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Government warned to reinstate eviction ban to prevent people from losing homes during cost of living crisis | UK News

The eviction ban must be reinstated in England to ensure no one loses their home during the cost of living crisis, a new report has warned.

The Kerslake Commission on Homelessness and Rough Sleeping warned that inaction could lead to a “catastrophic” homelessness crisis, with the government failing to meet its manifesto pledge to end rough sleeping.

Its new report calls on the government to temporarily bring back the eviction ban – mirroring what was announced in Scotland earlier this month.

The report calls for a pause in benefits deductions and for benefits to be increased immediately – not next April as planned.

It urges the government to take a “two-pronged” approach to get people off the streets and ensure vulnerable tenants do not end up on them.

The commission was set up to examine the lessons from the public health emergency response to rough sleeping during the pandemic. It is chaired by former head of the Civil Service Lord Bob Kerslake and comprises 36 experts from the health, housing and homelessness sectors.

Its latest report includes new recommendations on the cost-of-living crisis and says “the cost of not acting now is too great, as we stand on the precipice of a new emergency”.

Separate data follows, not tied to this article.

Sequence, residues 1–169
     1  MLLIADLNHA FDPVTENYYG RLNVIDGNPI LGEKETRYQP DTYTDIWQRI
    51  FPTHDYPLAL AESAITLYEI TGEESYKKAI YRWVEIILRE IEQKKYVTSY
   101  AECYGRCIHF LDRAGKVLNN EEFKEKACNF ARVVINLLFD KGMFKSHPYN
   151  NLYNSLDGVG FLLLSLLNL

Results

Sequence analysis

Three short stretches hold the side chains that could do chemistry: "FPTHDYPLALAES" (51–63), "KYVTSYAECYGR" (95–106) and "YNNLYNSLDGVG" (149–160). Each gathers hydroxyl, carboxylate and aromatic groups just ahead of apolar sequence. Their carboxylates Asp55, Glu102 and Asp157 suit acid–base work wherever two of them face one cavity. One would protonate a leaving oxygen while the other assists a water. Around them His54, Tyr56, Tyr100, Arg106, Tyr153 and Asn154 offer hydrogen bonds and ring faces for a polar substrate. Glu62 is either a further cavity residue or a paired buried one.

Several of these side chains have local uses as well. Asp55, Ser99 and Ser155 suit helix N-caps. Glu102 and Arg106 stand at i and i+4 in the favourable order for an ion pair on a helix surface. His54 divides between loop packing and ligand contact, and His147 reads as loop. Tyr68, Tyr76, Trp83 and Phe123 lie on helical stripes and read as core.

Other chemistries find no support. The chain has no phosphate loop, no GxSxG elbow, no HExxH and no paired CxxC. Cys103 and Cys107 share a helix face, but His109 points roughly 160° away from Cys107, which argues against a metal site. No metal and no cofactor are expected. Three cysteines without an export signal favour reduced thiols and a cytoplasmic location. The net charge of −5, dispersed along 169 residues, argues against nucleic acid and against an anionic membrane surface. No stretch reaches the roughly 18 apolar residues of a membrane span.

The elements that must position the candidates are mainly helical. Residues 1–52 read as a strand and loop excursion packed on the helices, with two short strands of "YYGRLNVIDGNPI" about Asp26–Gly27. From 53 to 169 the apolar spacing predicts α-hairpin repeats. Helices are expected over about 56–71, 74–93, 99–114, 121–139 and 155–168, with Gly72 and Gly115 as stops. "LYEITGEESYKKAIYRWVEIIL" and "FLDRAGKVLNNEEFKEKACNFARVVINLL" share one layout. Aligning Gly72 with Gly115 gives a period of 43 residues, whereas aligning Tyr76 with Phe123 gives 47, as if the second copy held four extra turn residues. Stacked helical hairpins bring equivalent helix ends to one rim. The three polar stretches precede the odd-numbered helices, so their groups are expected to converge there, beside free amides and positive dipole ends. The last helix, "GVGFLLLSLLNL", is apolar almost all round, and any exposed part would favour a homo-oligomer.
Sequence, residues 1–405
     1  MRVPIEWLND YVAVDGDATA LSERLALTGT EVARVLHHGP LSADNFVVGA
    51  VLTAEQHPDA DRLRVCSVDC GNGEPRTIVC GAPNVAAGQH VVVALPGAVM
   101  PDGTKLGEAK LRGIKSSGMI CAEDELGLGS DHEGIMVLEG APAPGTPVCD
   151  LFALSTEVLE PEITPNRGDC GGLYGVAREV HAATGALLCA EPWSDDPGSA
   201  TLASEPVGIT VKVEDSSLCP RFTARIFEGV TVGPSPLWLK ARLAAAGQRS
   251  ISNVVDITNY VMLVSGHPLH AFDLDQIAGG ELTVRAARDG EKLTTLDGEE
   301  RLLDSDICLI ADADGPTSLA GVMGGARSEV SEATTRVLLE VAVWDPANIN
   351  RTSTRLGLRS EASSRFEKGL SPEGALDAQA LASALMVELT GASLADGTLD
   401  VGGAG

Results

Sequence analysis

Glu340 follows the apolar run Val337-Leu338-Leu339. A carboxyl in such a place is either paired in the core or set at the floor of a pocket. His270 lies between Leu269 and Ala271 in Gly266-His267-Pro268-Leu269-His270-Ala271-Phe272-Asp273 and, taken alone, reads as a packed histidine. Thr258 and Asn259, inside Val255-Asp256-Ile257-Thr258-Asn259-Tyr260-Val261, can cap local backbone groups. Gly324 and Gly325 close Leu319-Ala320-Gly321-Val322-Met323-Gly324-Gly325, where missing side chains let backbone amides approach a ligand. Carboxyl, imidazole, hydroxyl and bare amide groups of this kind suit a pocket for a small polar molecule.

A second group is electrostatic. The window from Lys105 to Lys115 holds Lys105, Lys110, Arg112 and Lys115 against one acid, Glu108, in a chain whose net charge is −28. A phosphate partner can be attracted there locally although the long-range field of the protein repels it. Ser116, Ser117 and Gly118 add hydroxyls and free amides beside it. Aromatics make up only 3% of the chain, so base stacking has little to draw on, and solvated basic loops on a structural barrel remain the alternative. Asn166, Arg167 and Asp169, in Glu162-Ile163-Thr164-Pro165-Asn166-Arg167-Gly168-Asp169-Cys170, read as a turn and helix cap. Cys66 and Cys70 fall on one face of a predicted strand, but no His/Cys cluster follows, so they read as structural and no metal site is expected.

Lord Kerslake said the government’s responses to the pandemic and the cost-of-living crisis “must be equally urgent”.

He added that failure to act could see this become a “homelessness as well as an economic crisis” and that the results could be “catastrophic”.

The National Residential Landlords Association said it was right to call for improvements to the benefits system, but that preventing failed tenancies from ending would be “catastrophic” and would not address people’s hardships.

Chief executive Ben Beadle said: “There is a very real danger that an eviction ban would give free rein to tenants committing antisocial behaviour and those deliberately not paying their rents, knowing they will face no consequences and the bill will be picked up by others.”

The government did not say whether it was considering a temporary ban.

A spokeswoman said: “We are giving councils £316 million this year to ensure families are not left without a roof over their heads.

“This is alongside the action we are taking to support families with the cost of living this winter through our £37 billion pound support package.

“This includes £1,200 this year for the most vulnerable, helping them to pay their bills and stay in their homes.”

Queen’s beloved corgis get new homes | UK News

Prince Andrew and his ex-wife will take on the Queen’s beloved corgis, following the monarch’s death.